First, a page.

Ownership: It’s on YOU


The title says it pretty well.  With maybe capital letters to accentuate who needs to step up.  YOU have ownership.  Of EVERYTHING.

Lately I’ve been listening to a great voice on leadership, Mr. Jocko Willink.  Am sure I’ve mentioned him elsewhere in this blog.  Suffice to say, he knows a lot about leadership, and has some very defined ideas about what that looks like.  Want a taste?  His first podcast was a great indication of the content he’s bringing to the world.  Fresh yet timeless, simple yet not easy, and worth applying to YOUR life for sure.

What’s maybe the best thing I’ve gotten from following Jocko is taking his motivations and inspirations and examples and spinning them into the context of family and parenting.  In fact, when I think about it, a lot of what he has to say I’ve heard time and time again throughout my life:

Take responsibility for your life, for what you do, who you are, and where you want to go.  You can’t control a lot in this world, but you can control yourself. So focus on that.  That is how we make it better.  That is how we make ourselves happy.

It’s simple.  But often not easy, for sure.

With current events in my world right now, taking responsibility, taking ownership for everything that I can control is key to moving forward positively — and just plan maintaining sanity — on a day-to-day basis.

Over the past week I’ve thought more about engaging my family — my wife and kids — to take this approach as well.

I’m very thankful that they’ve taken steps in that direction.  Of course, we all “take ownership” in our own way.  The main thing is not the how — that will evolve, it will ebb and flow — but to simply to think differently, to be responsible.

Here are two quick examples.

First, one of my main roles at home is to be the dishwasher. Especially when the kids were infants, it was a task I could do easily, do quickly, and help keep the house running.  Besides, I was raised that way.  I’m happier that way.  It’s ingrained in my DNA to keep the kitchen sink clear of dirty dishes.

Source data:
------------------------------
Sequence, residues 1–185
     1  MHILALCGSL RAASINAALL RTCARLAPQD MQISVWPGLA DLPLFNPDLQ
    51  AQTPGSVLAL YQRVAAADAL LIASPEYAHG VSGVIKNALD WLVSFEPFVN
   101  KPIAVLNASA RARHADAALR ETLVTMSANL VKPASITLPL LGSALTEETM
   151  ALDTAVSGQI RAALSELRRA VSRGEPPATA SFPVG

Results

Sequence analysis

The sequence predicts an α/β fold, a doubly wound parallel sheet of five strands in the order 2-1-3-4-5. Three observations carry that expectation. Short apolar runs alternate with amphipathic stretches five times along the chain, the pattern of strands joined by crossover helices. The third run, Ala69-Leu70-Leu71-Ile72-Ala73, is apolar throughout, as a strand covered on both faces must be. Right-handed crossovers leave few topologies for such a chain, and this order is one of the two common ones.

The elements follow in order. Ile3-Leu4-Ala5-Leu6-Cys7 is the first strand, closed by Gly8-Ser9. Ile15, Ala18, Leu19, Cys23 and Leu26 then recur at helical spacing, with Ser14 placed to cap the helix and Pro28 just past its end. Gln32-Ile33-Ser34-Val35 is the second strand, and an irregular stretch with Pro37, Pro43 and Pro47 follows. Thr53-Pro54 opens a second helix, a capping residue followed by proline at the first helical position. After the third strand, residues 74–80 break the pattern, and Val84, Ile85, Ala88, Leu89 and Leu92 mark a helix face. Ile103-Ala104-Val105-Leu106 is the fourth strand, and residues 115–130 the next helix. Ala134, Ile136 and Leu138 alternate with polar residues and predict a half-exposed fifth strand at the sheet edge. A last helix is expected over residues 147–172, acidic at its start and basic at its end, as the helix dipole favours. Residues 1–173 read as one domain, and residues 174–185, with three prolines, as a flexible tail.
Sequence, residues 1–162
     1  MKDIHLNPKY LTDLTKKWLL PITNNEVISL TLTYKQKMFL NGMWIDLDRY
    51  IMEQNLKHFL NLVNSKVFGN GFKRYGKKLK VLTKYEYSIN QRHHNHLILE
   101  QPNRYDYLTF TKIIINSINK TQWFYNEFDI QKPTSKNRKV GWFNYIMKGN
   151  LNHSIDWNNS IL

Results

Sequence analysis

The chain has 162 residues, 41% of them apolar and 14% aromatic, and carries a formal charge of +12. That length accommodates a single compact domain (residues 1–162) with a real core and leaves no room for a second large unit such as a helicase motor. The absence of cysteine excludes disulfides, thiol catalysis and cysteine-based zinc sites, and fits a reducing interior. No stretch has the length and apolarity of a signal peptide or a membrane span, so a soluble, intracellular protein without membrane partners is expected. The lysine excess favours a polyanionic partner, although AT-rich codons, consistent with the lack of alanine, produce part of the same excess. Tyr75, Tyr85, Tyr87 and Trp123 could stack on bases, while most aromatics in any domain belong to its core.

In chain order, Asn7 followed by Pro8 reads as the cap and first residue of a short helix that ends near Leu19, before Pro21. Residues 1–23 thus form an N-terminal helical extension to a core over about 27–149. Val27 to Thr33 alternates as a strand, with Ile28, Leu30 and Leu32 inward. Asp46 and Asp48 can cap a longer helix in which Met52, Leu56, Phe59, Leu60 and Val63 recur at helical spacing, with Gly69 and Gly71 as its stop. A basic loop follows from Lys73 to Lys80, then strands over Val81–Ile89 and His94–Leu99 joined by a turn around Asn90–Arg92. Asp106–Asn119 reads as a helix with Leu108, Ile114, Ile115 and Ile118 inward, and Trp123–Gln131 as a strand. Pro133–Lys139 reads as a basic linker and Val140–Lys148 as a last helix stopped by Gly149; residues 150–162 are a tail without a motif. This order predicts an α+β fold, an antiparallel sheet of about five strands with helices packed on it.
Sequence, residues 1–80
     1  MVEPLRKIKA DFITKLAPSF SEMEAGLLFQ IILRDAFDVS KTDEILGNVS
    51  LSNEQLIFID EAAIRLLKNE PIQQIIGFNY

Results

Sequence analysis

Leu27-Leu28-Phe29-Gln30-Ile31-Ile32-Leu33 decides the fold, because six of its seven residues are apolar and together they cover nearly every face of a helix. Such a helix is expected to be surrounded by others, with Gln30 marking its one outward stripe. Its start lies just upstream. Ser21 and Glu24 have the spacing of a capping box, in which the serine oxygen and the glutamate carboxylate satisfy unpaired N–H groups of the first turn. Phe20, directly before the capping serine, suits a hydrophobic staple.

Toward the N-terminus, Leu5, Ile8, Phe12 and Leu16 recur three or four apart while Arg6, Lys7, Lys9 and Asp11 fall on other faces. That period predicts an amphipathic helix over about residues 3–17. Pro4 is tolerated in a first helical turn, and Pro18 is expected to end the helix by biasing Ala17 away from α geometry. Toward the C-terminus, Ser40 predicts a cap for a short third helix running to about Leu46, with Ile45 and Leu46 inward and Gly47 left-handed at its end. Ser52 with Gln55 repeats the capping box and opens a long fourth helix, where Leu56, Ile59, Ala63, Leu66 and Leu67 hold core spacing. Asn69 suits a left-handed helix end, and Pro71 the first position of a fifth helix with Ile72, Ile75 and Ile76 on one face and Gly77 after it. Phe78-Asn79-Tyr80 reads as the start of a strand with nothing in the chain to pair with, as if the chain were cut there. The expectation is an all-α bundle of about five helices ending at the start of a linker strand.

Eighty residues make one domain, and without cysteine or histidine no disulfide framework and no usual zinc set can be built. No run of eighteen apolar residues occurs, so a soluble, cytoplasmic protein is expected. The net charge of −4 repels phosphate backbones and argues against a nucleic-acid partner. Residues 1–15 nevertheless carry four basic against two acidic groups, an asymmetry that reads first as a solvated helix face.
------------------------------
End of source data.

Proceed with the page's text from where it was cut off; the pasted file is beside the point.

However, in the last few weeks I’ve not had nearly the discretionary time at home in the evenings to do my duty.  This week my wife stepped up to support our family (and my own mild neurosis) by doing the dishes.   That’s ownership.  In this case, my wife took ownership of something I was lagging on to lend a hand.  BIG help and I’m grateful.

The other example is related to the kids.  As you may have learned from my other blog posts, we have three little kids.  They are five years old and younger.

I’m responsible for taking the kids to daycare on my way to work.  It’s a tight time frame. To cope, we have a very established routine in the early morning to leave the house in timeline fashion on workdays.

As we’ve worked to maintain this routine over the past five years, I’ve been thinking of late how important it is for each of the kids to be more responsible for being ready to go.  How does this translate for a five year old child (or three, or two year old)?

They like having their loveys with them on the ride to daycare.  Up to this point my wife and I are the ones who make sure the loveys are in the car when we leave the house.  More than once I’ve elected to go back in the house and find the fuzzy little dog because one of them has forgotten.

I’m taking a new tact starting this week.

I’m reminding my kids that each of them needs to be sure they have what they want to take to day care; they can’t simply rely on mom and me.  That includes their loveys.  Granted, it’s early in the process, and I’m sure they’ll falter some.  We ALL forget things, at least some of the time.

The main point is, learn to be responsible.  Take ownership of the things you want in your life and the things that happen in your life.  It’s the only way you’re going to change things for the better.  It’s really the only way to be happy.


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